Like all other studies, this study has not been exhaustive. More needs to be done on the deity and humanity of Christ and how the two natures relate to the language of the farewell discourses. More work needs to be done on the nature of the essential equality of the Trinity and the subordination of role between members of the Trinity, with regard to both extent and duration. More work needs to be done concerning the oneness between the Father, Son and Holy Spirit and how that relates to their oneness with believers and the oneness among believers for which Jesus prays. More work needs to be done developing a stronger theology of the personhood of the Spirit and his equality with the Father and Son from the whole New Testament perspective to protect the doctrine of the Trinity from the attacks of pseudo-Christian cults.
 Hendrikus Berkhof writes “As we see it, when we discuss God as the source of everything that arises next in the study of the faith, there is no reason to ascribe to him something like triuneness. As the creator of the world, as the establisher of the covenant, and as the one who reveals himself, we know him as the one God, as a person…can we say then that we have here ‘one essence in three persons’? No, there is here one event that happens from God…May we then not call the Spirit a person? No, if thereby we put him separately beside the person of God. Yes, if we understand that this name expresses the personhood in God in its outward actions. The Spirit is precisely God-as-person, God-in-relation.” Hendrikus Berkhof, Christian Faith, translated by Sierd Woudstra (Grand Rapids: Eerdmans, 1979), 335-335. I know of one otherwise “evangelical” seminary where Christian Faith was, until recently, the primary textbook for “Introduction to Christian Theology I & II.”
Likewise, Geoffrey Lampe’s Spirit Christology continues to have influence and represent the view of many modern Christians. Lampe readily admits that his Spirit Christology has far reaching implications for the doctrine of the Trinity. Far from any classical distinction among the persons of the Trinity, Lampe sees the greatest possible distinction in the Godhead as being that between God as transcendent Spirit verses God as immanent Spirit. The Spirit and the Son are only “divine” in that the Spirit of the One God acts in them. Lampe’s theology is basically modalism. Geoffrey W. H. Lampe, ” The Holy Spirit and the Person of Christ,” in Christ, Faith and History, ed. S. W. Sykes, and J. P. Clayton (Cambridge: Cambridge Univ. Press, 1972), 129; see also Geoffrey W. H. Lampe, God as Spirit: The Bampton Lectures, 1976 (Oxford: Clarendon Press, 1977), 226-228; and Geoffrey W. H. Lampe, “The Essence of Christianity,” Expository Times 87 (February 1976): 136.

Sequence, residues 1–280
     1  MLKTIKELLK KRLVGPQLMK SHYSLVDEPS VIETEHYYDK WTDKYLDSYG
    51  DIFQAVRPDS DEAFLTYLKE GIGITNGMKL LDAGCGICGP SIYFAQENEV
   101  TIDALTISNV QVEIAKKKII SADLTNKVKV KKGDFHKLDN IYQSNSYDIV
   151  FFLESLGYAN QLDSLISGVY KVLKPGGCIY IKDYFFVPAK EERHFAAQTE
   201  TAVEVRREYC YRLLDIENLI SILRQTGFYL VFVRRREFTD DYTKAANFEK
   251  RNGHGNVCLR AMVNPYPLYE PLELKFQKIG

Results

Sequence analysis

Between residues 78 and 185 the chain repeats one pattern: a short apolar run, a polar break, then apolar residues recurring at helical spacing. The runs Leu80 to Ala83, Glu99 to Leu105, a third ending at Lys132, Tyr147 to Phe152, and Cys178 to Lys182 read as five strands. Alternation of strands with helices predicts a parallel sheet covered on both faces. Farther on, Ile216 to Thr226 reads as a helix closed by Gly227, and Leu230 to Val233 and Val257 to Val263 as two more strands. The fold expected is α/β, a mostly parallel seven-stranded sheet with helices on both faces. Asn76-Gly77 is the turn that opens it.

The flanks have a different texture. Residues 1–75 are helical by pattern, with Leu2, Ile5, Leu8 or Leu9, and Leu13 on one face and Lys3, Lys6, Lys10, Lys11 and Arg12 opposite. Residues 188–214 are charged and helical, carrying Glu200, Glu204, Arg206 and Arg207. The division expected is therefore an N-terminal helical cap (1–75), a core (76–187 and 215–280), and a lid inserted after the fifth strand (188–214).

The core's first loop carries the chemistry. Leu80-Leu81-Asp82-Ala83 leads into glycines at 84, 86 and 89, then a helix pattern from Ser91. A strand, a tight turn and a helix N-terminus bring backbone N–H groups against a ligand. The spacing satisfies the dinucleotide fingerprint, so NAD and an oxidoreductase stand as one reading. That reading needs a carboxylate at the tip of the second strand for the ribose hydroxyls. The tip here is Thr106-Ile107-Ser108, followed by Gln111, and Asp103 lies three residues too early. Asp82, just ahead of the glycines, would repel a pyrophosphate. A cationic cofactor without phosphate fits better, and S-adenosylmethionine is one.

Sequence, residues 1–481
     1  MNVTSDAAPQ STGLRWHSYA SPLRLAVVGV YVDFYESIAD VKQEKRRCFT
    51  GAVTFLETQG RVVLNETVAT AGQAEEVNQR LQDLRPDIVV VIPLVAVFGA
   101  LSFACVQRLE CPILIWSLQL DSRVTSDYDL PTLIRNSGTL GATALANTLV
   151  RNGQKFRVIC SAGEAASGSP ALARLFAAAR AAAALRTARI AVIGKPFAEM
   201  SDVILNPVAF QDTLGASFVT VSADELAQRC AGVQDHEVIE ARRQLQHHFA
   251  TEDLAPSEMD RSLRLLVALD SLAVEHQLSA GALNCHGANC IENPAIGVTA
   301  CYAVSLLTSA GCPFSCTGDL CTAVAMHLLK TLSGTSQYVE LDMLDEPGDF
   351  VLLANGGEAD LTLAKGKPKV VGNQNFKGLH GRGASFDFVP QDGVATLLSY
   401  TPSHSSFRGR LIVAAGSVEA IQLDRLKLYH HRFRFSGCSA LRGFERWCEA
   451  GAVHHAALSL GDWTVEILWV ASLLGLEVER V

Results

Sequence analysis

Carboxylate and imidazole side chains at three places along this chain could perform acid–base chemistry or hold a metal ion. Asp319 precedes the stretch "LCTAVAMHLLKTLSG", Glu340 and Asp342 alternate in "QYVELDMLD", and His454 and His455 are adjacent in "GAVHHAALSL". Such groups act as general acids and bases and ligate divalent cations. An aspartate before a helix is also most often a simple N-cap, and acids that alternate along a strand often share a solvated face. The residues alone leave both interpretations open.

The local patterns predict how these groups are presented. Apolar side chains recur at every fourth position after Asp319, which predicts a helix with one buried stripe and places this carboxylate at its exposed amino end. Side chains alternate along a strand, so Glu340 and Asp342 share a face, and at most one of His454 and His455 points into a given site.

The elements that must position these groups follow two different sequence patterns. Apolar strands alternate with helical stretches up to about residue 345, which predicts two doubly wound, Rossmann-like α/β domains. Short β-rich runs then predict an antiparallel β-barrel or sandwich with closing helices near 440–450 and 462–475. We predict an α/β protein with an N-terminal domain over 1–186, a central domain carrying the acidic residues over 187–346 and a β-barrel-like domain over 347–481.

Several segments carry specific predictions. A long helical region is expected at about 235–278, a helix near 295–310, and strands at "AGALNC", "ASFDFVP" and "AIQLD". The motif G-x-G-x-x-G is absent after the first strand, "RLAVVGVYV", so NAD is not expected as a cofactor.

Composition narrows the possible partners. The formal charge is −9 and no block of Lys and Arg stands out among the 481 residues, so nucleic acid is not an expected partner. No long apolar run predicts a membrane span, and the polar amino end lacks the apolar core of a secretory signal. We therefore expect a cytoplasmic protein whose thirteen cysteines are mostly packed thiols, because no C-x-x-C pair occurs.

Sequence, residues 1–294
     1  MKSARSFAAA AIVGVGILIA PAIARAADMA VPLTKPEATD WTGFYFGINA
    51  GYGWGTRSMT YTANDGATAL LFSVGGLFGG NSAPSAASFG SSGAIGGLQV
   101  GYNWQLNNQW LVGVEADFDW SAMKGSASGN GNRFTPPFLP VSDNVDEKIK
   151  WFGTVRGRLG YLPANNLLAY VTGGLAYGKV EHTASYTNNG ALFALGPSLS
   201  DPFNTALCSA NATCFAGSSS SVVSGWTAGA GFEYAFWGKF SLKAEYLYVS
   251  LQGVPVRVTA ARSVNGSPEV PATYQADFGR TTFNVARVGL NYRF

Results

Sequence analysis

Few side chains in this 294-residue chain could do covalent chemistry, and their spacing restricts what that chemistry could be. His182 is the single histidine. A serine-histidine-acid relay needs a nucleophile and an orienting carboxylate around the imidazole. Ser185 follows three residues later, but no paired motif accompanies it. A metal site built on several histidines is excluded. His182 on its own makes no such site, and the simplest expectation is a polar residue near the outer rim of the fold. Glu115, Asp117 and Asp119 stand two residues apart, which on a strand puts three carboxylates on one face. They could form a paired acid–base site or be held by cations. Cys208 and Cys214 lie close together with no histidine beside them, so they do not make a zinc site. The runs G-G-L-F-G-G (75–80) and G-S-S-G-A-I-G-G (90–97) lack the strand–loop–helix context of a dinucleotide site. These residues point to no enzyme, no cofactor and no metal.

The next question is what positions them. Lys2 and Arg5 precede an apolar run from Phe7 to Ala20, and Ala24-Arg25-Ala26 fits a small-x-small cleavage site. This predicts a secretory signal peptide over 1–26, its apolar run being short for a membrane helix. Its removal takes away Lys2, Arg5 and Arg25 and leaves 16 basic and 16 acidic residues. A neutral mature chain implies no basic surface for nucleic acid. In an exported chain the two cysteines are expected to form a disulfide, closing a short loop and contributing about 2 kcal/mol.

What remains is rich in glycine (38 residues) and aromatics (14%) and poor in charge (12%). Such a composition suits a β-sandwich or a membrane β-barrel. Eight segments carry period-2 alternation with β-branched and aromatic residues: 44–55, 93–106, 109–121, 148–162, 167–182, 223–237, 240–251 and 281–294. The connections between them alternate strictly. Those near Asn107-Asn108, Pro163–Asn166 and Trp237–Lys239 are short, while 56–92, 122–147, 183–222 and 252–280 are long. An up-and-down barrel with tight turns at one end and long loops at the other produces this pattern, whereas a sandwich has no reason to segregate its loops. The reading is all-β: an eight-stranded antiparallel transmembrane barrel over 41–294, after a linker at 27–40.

Van Gorden reports a world membership in the Mormon Church at 9 million with 4.5 million in the United States, with a growth rate of 250,000 to 300,000 new baptisms annually. Kurt Van Gorden, Mormonism (Grand Rapids: Zondervan, 1995), 16. Bowman reports that in 1994 Jehovah’s Witnesses numbered 4.9 million “publishers” of the faith, with almost 950,000 in the United States and a staggering growth rate. Robert M. Bowman, Jr., Jehovah’s Witnesses (Grand Rapids: Zondervan, 1995), 14. United Pentecostals boast 750,000 members in the United States with another 2 million world-wide. They have churches in 132 nations and open 1 church each day world-wide. Pastor Arless Glass, Phone Interview by Harold F. Carl, 10 October 1996 The Pentecostals of Pasadena, Texas. In Texas, there seems to be a UP church in every community. I have had several United Pentecostal students who articulate a clearly modalistic view of God.
 Mark L. Appold, The Oneness Motif in the Fourth Gospel (Tübingen: J. C. B. Mohr & Paul Siebeck), 55.
 pathr in reference to God the Father occurs over 100 times in John (over 40 times in the chapters under consideration), more than the three synoptics combined. o uion in its absolute form occurs three times in the synoptics, once in Paul and five times in Hebrews. In John’s Gospel o uion occurs eighteen times. These statistics must be taken as a whole since they imply a relationship between one another. See Appold, Oneness Motif, 57.
 Augustine, Homilies on the Gospel of John, translated by John Gibb, in Nicene and Post-Nicene Fathers, edited by Philip Schaff, vol 7 (New York: Charles Scribner’s Sons, 1903), 327.
 C. K. Barrett, The Gospel According to St. John, second edition (Philadelphia: Westminster Press, 1955), 72.
 Tertullian, Against Praxeas, translated by Holmes, in The Ante-Nicene Fathers, Vol 3 edited by Philip Schaff (New York: Charles Scribner’s Sons, 1907), 604.
 The phrase “my Father” occurs 23 times in John as compared to 16 in Matthew and 4 in Luke. It is significant that the phrase occurs 11 times in the chapters under consideration, where the equality of the Son with the Father is of paramount importance for understanding other relational language.